Objective: To evaluate the relationship between the use of zolpidem and risk of subsequent stroke in Taiwanese patients. Method: This case-control study used data obtained from the National Health Insurance Research Database to determine whether the use of zolpidem is associated with an increased risk of stroke. The case group comprised 12,747 patients who were newly diagnosed with stroke between January 1, 2005, and December 31, 2009. We also randomly selected a 4-fold greater number of patients without stroke as a control group. Patients with ischemic and hemorrhagic stroke were frequency-matched with controls on sex, age, and year of index date. We measured the effect of zolpidem and determined the adjusted odds ratios (ORs) with 95% confidence intervals (CIs). Results: We found that exposure to zolpidem was associated with increased risk of ischemic stroke (OR = 1.37; 95% CI, 1.30-1.44). The risk of ischemic stroke increased significantly with increasing exposure to zolpidem; for average exposures of ≤ 70, 71-470, and > 470 mg per year, the ORs were 1.20, 1.41, and 1.50, respectively; the P value for the trend was < .0001. Regardless of whether people presented with a sleep disorder, the risk of stroke was still greatly increased with zolpidem exposure; the adjusted OR was 1.37 without sleep disorder and 1.41 with sleep disorder. Conclusions: This population-based study positively associated the use of zolpidem with increased risk of ischemic stroke. Our findings warrant further large-scale and in-depth investigations in this area.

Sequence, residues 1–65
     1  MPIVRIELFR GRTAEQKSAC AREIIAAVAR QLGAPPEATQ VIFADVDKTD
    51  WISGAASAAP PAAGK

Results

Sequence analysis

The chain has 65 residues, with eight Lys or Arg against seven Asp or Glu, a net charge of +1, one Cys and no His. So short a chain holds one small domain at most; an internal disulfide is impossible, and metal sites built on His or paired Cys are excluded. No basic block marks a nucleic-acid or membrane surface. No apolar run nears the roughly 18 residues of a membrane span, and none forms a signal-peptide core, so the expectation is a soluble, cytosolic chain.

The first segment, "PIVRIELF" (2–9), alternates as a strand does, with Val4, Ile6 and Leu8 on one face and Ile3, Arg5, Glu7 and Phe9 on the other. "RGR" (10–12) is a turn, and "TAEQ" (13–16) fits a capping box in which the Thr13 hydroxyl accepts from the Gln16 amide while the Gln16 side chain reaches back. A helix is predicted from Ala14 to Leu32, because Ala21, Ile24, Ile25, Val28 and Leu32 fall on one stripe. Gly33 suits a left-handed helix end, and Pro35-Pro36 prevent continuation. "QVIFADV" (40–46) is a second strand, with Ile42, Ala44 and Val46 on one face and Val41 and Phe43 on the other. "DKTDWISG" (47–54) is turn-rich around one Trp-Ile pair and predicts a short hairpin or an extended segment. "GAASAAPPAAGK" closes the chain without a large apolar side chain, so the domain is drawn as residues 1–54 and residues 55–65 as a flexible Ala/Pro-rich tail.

ASJC Scopus subject areas
- Psychiatry and Mental health